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  • Writer's pictureKristi Kitz

2024 Upper Bound AI Conference: Session Highlights and 6 Critical AI Insights

Last week, I attended the Upper Bound AI conference. I met lots of cool people and attended lots of cool events. Here’s what I learned.

The Urgency of Embracing AI

Integrating AI in our products and processes is not a distant future but a seemingly imminent necessity. As one presenter put it, disruption is not new, but what makes this one different is the sheer speed and rate of adoption.

We all have the responsibility of learning how to take advantage of AI. There are no excuses. I came to discover some practical ways that I can leverage AI to improve how we work and enhance the solutions we build for clients. And also, to learn a little more about how the sausage is made.


Conference Overview

There was a wide range of sessions covering everything from highly technical discussions to industry applications (particularly health care), business strategies, ethical considerations, and some philosophical conversations. I attended more of the business-oriented sessions. Beyond the talks were networking groups, poster sessions, demo camps, and hands-on workshops.

And, of course, a big party.

Stand-out Sessions

I attended a lot of great sessions across a wide variety of topics, but these ones resonated with me the most.

AI Strategy for Business Growth

This conversation touched on broad strategic topics regarding integrating AI into our business models, managing data, and the future of AI.

Key Takeaway: Roles will be replaced. Our strategic advantage will be to know how to use and deploy the tools.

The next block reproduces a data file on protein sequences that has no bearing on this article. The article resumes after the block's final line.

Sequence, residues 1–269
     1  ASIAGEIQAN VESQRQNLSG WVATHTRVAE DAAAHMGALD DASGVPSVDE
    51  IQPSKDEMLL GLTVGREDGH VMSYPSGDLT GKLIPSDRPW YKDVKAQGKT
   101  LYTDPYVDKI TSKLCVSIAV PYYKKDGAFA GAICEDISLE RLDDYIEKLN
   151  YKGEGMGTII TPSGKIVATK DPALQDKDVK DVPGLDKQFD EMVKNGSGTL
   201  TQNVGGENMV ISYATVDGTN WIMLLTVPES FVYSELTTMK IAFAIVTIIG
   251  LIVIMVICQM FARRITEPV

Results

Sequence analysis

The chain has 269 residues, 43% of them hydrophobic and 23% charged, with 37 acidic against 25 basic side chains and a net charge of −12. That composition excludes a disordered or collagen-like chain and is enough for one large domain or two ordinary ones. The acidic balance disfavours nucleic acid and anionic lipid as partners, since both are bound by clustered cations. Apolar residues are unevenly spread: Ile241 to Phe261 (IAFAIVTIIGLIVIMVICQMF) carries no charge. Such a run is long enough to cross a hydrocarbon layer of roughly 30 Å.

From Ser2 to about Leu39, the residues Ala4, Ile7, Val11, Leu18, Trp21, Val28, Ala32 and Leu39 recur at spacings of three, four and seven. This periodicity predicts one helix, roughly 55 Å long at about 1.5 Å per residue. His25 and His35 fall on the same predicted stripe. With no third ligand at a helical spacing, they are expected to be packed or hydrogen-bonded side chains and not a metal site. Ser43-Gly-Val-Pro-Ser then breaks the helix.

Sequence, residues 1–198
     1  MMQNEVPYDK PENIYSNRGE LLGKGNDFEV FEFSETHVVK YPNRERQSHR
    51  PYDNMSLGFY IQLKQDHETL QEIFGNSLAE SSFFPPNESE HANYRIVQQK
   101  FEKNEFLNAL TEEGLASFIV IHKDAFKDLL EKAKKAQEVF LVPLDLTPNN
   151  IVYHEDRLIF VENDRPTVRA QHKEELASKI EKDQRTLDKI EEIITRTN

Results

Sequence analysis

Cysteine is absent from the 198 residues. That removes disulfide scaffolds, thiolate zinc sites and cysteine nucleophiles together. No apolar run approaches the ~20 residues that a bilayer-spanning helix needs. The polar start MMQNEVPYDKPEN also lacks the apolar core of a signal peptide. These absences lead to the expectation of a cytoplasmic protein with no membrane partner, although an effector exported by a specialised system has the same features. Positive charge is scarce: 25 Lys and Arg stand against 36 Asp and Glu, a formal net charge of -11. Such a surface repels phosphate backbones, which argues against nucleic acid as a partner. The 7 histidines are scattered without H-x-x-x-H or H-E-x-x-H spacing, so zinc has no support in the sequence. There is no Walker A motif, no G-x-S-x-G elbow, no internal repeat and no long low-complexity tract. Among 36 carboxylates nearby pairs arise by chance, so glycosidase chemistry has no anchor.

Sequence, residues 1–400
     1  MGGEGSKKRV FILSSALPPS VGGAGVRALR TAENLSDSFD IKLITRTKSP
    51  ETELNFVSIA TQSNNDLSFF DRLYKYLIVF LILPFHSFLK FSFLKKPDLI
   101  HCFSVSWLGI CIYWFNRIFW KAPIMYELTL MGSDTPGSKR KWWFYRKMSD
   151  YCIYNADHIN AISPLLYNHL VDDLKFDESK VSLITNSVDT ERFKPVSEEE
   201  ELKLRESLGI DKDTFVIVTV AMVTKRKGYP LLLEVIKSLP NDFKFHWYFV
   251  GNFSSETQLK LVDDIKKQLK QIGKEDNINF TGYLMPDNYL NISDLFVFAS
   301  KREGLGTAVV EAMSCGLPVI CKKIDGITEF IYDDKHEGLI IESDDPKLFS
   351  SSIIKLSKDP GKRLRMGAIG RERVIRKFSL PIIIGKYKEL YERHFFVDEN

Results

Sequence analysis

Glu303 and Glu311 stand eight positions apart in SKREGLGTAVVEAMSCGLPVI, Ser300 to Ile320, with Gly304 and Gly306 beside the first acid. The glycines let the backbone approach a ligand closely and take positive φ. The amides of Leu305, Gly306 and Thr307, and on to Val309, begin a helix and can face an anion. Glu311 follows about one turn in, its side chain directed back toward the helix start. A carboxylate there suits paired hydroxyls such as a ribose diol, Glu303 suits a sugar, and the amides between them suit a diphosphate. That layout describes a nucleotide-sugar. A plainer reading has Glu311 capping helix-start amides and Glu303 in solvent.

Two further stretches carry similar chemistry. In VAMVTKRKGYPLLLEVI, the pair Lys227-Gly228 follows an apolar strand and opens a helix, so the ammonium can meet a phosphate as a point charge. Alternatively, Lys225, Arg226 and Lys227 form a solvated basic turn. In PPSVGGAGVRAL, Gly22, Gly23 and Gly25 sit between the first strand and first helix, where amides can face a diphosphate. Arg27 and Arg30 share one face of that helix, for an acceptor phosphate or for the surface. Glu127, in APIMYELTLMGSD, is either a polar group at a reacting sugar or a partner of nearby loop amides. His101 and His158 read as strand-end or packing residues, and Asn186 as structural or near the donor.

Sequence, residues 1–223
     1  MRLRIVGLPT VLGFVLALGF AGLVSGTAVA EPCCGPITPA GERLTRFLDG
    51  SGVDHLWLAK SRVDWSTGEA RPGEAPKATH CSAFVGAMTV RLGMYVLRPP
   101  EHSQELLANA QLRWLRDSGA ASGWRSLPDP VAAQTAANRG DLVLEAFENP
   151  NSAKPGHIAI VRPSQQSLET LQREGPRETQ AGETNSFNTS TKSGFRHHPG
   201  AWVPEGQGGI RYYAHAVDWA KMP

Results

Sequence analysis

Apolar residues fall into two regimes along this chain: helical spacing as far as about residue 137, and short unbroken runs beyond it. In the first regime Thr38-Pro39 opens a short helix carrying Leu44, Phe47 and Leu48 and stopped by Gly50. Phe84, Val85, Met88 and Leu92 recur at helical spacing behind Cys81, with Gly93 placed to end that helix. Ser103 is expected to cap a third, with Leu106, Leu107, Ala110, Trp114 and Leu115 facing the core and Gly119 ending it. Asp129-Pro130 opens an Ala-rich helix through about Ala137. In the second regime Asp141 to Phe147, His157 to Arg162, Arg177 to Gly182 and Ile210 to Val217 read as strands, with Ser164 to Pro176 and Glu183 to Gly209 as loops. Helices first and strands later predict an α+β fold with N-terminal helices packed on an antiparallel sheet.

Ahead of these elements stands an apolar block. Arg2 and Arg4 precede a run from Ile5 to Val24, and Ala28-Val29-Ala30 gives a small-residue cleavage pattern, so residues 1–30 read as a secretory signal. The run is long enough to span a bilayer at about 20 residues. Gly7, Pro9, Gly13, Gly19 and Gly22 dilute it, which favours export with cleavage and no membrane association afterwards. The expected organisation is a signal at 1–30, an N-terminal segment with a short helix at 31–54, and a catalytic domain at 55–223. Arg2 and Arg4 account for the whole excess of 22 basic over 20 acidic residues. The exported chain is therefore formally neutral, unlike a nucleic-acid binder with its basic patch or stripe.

AI and the Evolution of Marketing Teams

This panel discussed AI’s role in enhancing marketing and other creative work, particularly emphasizing its limitations in innovation.

Key Takeaway: AI is a tool to get somewhere; it will never replace the human element in telling a story or setting a trend.

Disrupt, Scale, Repeat

Jack Newton, the CEO of Clio, talked about AI’s transformative potential, how to build a culture of innovation, and the importance of always tying things back to the customer’s need.

Key Takeaway: AI’s true potential is that it will change how people work, helping us do more work better.

DemoCamp YEG — AI Edition

An evening event with lots of neat product demos, including a low-cost robot, an AI extension of a digital white-boarding solution, and an ultra-fast, stable diffusion-based image generator.

Key Takeaway: The world will legit never tire of cute cat pics.

Beyond the Basics of AI Tools: A Digital Agency Perspective

An interesting mix of insight into the nature of industry disruption and adoption, as well as practical tips for implementing current AI tools into business processes.

Key Takeaway: “If I had a million dollars, we wouldn’t have to eat Kraft dinner. But we would eat Kraft dinner. Of course we would we’d just eat more of it.”

In other words, as we become more efficient with our tools, we’ll use that time to make and do more.

UX and AI — Presented by Product Edmonton

Informal discussion about how many new AI products struggle to find and engage users and best practices for ensuring AI products deliver value and retain users.

Key Takeaway: Don’t mistake novelty for value.

Citizen Experience AI Toolkit

A hands-on workshop offering a framework to map out a service journey, determine design building blocks, identify AI opportunities at different touch points, and evaluate potential risks.

Key Takeaway: The way to increase AI ROI with a clear connection to customer value.


The more sessions I attended, the more I noticed common threads. These are the 6 insights that I walked away from the conference with.